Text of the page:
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Land and Resources, Climate

northeast monsoon, southwest monsoon, Mandalay, equator, average monthly temperature

The climate of Myanmar and other countries in South and Southeast Asia follows a monsoon pattern. During the half of the year that the suns rays strike directly above the equator, the land mass of Asia is heated more than is the Indian Ocean. This draws moist hot air from over the ocean onto the land, bringing the rains of the southwest monsoon. When the tilt of the earth brings the direct sun rays south of the equator, the heating of the Indian Ocean draws the cooler dry air of the northeast monsoon from the highlands of Asia across the countries of South and Southeast Asia. As a result, Myanmar has three seasons: hot and wet, warm, and very hot. During the hot, wet season, from mid-May to October, rain usually falls every day and sometimes all day. Almost all of Myanmars annual rainfall falls during this time. In the cooler season, which runs from late October to mid-February, the temperature for January averages 25C (77F) in Yangon in Lower Myanmar and 20C (68F) in Mandalay in Upper Myanmar. The hottest season runs from late February to early May. At the end of this season, the average monthly temperature reaches the upper 30s C (lower 100s F) in many parts of Myanmar. By July rains have brought the average temperature down to 29C (84F) in Mandalay and 27C (81F) in Yangon. Average annual rainfall varies from about 5,000 mm (about 200 in) on the Tenasserim Coast to about 760 mm (about 30 in) at Mandalay.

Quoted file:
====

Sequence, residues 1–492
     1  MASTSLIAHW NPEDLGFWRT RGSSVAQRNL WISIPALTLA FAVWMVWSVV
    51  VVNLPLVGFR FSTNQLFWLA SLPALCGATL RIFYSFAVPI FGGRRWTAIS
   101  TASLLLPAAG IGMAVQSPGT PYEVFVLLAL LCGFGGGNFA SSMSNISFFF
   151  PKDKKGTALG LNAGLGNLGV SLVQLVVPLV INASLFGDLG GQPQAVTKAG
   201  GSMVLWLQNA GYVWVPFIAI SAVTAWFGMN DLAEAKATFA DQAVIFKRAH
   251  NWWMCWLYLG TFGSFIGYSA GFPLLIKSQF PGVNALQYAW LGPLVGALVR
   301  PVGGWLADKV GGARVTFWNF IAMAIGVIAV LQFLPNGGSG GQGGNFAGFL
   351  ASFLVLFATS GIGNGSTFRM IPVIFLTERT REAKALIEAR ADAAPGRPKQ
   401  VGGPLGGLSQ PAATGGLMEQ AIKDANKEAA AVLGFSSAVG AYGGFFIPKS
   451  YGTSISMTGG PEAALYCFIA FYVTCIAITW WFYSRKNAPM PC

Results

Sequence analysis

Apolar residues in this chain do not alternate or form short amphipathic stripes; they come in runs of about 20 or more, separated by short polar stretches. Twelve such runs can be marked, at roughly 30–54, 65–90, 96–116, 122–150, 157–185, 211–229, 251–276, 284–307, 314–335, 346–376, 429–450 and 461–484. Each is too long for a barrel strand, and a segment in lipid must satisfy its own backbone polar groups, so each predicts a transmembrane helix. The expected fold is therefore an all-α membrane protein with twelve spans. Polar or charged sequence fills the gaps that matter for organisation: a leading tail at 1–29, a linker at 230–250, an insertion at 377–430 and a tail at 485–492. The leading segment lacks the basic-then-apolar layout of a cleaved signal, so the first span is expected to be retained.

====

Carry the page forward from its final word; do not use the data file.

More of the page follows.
Article key phrases:

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